I have created a procedure, exitFailure() that is invoked if a file doesn't exist:

int exitFailure()

{//start exitFailure()

	printf("Failure, hit any key to exit and press enter.\n");
	scanf("%d", &counterx);
	return 1;

}//end exitFailure()

Below is the snippit of code that invokes exitFailure()

inFile.open(inputFilename, ios::in);
if (!inFile) 
{
	cerr << "Can't open input file " << inputFilename << endl;
	exitFailure();
	return 1;
}

If the file doesn't exist, the program exits. Please note that return 1 is included in the procedure, as well as the snippit of code.

HOWEVER, if I remove return 1 from the snippit of code, run the program and enter in a filename that doesn't exist, the program continues to execute. It is as if my program is ignoring the return 1 from procedure exitFailure().

Please advise

The way I see your problem, it can be read in two ways. First, either you're not sure how to work with returned variables, or you're misunderstanding what return actually does.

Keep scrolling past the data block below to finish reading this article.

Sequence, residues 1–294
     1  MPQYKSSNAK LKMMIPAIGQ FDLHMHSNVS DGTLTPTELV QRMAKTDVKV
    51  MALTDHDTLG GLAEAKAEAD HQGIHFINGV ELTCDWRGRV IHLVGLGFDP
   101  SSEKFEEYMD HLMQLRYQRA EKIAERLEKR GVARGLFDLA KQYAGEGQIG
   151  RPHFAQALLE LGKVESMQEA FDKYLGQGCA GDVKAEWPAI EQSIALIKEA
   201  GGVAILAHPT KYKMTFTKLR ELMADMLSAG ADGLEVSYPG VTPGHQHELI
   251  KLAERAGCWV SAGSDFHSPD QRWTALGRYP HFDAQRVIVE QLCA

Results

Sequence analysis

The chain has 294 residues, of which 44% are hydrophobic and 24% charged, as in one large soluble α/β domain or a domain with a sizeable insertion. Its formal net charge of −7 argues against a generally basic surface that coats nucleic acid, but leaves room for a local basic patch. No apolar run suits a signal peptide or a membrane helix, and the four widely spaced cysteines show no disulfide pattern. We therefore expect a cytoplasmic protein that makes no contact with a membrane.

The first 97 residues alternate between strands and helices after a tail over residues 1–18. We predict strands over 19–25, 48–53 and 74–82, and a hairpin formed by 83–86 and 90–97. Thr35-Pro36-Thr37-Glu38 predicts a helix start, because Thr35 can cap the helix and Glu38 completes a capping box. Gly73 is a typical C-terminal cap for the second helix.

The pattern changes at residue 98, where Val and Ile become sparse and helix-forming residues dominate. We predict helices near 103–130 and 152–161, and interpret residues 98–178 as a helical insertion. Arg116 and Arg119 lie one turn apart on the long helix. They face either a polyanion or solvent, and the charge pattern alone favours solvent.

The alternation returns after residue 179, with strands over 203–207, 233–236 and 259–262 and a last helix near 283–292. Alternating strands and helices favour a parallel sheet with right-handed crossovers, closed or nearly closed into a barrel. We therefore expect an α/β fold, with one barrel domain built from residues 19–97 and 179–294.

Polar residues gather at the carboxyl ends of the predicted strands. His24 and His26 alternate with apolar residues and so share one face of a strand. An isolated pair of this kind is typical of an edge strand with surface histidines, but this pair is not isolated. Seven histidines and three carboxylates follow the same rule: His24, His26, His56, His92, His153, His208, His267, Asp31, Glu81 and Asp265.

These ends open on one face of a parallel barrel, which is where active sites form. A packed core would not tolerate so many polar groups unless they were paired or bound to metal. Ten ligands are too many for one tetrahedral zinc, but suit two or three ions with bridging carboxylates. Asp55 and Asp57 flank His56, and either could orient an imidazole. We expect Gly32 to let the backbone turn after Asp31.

1st understanding:

You need to catch the return from exitFailure and do something with it.

inFile.open(inputFilename, ios::in);
if (!inFile) 
{
	cerr << "Can't open input file " << inputFilename << endl;
	return exitFailure();
}

or

inFile.open(inputFilename, ios::in);
if (!inFile) 
{
	cerr << "Can't open input file " << inputFilename << endl;
	int retCode = exitFailure();
	return retCode;
}

2nd understanding:
Using return only exits the application if you're returning it from main(). If you use return in another function, it's going to return to the function that called the second.

int exitApp()
{
    return 1; // Returns 1 back to main
}

int main()
{
    exitApp(); // Call exitApp function
    
    return 0; // Exits the application and returns 0 to the OS's application layer (don't quote me on that)
}

Edited 6 Years Ago by Sodabread: n/a

Comments
Nice explanation :)
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